Friday was pretty standard. A few more meals, some more team meetings, a soak in the hotel hot springs pool and laying around reading about the craziness that is the news in the USA. The hotel we were at is part of a sports resort so there was a hot springs, a small water park, a driving range, frisbee golf, and a number of other activities possible within a quarter mile walking distance. The hot springs advertised a lithium salt bath, and it was definitely salty. I felt like I had a slime on me in the pools. In the evening we had the opening ceremony which was nice and short, probably less than an hour. After the ceremony and a quick dinner we were in bed by 8:15 PM.
I slept for three hours, was solidly awake for three hours, and then slept for another three hours. In the morning breakfast started at 5 AM and let me tell you, two of those European coffee machines were not really enough for 50 anxious runners, although everyone did seem to get some coffee. We leisurely used the bathroom, changed, stretched and walked down to the lobby of the hotel 30 feet from the start of the race. AT 7 AM, on the dot, we were off! I think there were about 300 people total in the race. You can read the play by play of the front action at irunfar.com. On the men’s side there was a very clear Japan vs South Africa battle with the top four at least on each team dueling it out from 30k to at least 60k. Geoff from the US was basically the only person in that lead group not from those two countries. After I DNF’d and took a shower and changed I walked back out onto the course and cheered all of the Team USA runners to the finish and a number of the other runners that I thought would understand English (sorry mainland Europeans and Asians). In total on the men’s side three of the six team USA men DNF, and one of six woman DNF. Both the men’s and women’s team came in 4th. The women’s team by 20 minutes the men’s by 3 minutes. Scoring is the times of the top three people on your team is added together, so the team scores where like 20 hours on the men’s side.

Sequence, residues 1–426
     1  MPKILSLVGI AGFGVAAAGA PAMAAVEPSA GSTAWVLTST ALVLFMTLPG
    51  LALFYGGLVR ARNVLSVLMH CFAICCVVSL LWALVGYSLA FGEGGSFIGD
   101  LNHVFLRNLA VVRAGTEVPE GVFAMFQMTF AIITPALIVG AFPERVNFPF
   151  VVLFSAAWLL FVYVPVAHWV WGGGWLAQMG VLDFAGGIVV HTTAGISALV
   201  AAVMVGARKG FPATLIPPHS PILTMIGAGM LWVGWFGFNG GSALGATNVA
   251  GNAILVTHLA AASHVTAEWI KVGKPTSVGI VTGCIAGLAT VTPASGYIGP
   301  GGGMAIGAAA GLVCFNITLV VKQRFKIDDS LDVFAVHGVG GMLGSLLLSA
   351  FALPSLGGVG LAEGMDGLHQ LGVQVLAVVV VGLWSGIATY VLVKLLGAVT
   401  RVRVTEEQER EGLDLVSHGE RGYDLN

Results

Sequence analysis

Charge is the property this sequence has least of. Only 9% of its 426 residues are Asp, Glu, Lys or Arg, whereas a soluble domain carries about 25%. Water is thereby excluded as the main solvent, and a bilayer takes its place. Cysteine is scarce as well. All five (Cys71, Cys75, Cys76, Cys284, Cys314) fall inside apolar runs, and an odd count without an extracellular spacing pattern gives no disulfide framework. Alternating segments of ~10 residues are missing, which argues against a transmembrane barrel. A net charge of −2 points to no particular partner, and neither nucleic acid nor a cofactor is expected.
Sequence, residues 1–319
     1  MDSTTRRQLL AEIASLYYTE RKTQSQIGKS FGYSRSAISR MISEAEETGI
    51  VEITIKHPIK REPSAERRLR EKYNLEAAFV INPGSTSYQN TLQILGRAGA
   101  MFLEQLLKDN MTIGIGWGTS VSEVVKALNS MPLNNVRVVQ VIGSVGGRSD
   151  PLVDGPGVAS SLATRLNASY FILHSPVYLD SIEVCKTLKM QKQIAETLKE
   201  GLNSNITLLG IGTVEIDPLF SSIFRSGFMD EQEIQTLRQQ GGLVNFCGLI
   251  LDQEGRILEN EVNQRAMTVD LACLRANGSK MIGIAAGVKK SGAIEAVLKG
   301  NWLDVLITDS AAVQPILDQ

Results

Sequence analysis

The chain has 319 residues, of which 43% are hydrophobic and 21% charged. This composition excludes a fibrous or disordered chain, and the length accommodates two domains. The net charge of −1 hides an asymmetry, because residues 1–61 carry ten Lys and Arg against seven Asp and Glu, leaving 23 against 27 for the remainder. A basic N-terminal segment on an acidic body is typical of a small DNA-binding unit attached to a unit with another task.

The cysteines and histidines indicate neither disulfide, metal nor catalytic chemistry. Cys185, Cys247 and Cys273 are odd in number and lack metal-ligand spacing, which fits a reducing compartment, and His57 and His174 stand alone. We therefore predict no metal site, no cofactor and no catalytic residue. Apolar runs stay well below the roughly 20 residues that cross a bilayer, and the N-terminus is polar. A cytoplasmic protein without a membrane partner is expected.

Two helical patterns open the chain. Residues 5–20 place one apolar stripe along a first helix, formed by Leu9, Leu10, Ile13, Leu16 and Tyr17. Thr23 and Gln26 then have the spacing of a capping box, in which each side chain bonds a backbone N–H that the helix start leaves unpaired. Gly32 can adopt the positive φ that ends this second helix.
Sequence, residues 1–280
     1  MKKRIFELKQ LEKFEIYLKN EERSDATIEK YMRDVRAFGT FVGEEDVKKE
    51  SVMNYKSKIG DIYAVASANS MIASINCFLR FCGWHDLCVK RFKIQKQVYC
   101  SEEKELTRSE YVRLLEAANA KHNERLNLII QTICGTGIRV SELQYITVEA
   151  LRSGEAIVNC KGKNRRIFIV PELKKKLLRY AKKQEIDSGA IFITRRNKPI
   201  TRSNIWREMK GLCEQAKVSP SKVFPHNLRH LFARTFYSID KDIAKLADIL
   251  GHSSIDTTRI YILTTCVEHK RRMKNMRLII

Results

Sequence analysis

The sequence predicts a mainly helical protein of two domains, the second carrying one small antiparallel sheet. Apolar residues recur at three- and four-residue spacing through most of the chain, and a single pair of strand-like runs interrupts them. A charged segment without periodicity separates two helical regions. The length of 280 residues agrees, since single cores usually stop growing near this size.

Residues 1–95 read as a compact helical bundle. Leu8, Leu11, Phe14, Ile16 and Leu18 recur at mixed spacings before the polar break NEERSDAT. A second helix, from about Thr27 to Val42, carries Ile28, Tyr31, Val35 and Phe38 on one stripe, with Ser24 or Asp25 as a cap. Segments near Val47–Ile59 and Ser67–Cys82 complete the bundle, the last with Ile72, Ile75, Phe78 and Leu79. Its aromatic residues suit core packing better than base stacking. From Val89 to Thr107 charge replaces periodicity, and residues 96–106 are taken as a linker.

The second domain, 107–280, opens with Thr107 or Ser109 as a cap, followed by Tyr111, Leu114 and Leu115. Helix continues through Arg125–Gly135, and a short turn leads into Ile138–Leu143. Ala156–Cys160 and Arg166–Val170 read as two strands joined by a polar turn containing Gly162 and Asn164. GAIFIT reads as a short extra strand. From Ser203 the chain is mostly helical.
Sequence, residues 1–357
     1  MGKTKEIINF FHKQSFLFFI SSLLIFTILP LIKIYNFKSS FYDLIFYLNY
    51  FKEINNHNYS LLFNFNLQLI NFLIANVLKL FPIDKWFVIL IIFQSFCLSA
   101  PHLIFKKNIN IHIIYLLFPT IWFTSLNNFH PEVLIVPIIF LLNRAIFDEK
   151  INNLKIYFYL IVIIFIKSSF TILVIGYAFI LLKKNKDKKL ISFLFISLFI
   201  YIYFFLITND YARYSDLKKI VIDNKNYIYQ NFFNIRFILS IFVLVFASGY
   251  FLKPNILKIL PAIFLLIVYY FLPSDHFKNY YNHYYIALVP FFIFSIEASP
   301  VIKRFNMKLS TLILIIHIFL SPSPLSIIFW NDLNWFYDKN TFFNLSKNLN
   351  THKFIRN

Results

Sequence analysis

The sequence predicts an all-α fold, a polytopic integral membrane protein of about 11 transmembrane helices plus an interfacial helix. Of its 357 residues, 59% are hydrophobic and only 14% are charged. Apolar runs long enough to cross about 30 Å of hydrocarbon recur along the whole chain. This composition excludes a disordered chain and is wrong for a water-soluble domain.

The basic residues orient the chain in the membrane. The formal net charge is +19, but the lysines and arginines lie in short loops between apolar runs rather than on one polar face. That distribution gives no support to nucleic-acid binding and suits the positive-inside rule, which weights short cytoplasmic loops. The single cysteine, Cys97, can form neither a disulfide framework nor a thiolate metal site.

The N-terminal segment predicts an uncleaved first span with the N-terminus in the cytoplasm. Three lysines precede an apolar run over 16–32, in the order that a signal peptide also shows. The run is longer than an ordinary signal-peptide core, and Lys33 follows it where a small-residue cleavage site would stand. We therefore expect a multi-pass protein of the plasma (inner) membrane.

At 4:15 PM when everyone on our team had finished most of us went into the dining hall and ate, and started drinking the adult beverages. Everyone did something different until about 7:30 when we went to the closing ceremony where Japan stole the show winning both the men’s and women’s team competition and the men’s individual competition. A Croatian woman won the women’s individual competition with a strong time on not a very easy course in warm and humid conditions, I thought her performance was the most impressive of the day, and I told her and her twin sister so at the after party.
After the medals were given out and national anthems played, and the Krampi (plural of Krampus?) performed, we had some pizza and adult drinks for maybe an hour talking to the two irunfar.com guys and some of the other countries team members. Everyone was pretty tired so we headed back to the hotel around 10:45, I traded national team shirts with a South African, because none of them wanted their yellow long sleeve shirt, which is really nice and I will wear in training plenty.
Sunday I rolled out of bed at 5:45 AM and at 6 PM drove Devon, Emily and her dad to the airport for them to catch a flight, and after refueling and returning the car, checked in and boarded my on time flight.
Not at all the racing experience I wanted. I am excited to someday figure out what is aerobically wrong with me. Yet overall it was definitely a good fun experience I am grateful to have had!
Food for thought, I’m not sure what the future holds. Part of me wants to be back on the 100k team because I know it is possible for me to be top 10 in at this championship, yet I am also confident that I could actually win the 24 hour world championship, and without a qualifier for either one at the moment, and some sort of serious aerobic problem, I have to pick and choose my goals. I can’t do everything.